Well, now I’m confused (and no, the Graphix is still on the mantle ).
The OP was about repealing laws, not about foregoing all morality. I don’t think anyone here has said that we should/shouldn’t completely give up societal constraints. Which is why I don’t understand: "I won’t cite any laws that are strictly based on morality, because that’s contradictory to what I’m trying to say. "
Or are you really a starving artist in disguise and think we were better off in the more conformist-minded fifties?
Could gay marriage fit the OP? An ostensibly victimless act between two loving, consenting adults. It’s a bit reverse, in that it’s not a crime to be gay, but it’s (largely) not legal to get married. The root of the law, as I understand it, rests completely with the majority’s (at least in New York and California, and majority only in the sense of majority of people who voted on the issue) sense of morality.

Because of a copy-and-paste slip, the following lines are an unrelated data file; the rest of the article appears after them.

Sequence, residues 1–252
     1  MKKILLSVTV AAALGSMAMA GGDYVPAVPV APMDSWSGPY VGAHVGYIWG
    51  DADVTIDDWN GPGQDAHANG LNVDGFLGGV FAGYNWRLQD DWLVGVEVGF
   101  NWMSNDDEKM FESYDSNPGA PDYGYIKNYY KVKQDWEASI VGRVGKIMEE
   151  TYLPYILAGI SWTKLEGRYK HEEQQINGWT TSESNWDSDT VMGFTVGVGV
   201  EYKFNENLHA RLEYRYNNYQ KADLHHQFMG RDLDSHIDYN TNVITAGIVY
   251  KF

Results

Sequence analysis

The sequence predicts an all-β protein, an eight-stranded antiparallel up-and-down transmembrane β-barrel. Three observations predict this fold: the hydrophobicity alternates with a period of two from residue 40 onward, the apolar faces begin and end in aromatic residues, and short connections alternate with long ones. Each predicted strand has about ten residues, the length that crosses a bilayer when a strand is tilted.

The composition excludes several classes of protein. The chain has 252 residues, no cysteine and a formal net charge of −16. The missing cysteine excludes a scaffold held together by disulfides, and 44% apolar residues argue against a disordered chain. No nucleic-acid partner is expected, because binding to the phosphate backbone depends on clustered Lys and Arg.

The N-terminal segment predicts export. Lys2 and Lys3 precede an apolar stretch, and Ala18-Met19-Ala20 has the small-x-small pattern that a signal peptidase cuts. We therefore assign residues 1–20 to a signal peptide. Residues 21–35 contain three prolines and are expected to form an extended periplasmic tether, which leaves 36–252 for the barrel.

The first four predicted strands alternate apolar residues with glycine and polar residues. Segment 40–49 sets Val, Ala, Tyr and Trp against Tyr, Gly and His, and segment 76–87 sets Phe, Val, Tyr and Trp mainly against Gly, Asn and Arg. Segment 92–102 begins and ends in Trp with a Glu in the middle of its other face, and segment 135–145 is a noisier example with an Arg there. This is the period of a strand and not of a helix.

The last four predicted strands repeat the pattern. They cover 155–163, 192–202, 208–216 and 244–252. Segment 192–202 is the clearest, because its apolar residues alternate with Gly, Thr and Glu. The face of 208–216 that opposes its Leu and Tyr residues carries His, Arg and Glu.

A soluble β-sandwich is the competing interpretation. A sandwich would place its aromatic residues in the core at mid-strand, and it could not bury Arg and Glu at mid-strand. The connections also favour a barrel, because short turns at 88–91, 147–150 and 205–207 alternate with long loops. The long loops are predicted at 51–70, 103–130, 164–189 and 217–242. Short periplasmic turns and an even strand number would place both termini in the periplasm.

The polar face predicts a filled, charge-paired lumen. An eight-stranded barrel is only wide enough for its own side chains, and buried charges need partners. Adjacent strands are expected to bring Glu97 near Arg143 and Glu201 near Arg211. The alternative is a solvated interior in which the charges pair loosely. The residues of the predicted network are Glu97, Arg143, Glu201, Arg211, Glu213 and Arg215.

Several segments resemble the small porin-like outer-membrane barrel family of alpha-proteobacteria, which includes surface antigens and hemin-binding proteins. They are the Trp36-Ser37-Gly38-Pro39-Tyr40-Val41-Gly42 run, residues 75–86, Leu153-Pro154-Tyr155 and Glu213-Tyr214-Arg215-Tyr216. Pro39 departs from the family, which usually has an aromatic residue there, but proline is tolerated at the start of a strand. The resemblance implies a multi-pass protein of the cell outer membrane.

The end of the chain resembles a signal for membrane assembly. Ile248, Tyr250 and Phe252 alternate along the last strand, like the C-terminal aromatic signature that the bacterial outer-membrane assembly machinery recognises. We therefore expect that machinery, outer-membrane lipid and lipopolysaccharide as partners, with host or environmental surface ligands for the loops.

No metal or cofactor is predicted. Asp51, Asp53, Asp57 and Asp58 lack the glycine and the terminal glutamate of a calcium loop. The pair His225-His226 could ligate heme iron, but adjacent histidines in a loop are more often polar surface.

I daresay that the state would see significant economic benefits to legalizing marriage, from licenses to wedding-related businesses to a more stable family population. But (and I know this is about to be a bizarre question), is it moral for someone who opposes gay marriage on moral grounds (put aside general disagreement) to vote to allow it in order to bring in more income into the state and save it from economic collapse? Oh shit, what if doing so would bring in money to fund an after school program designed to keep kids off drugs and away from prostitution!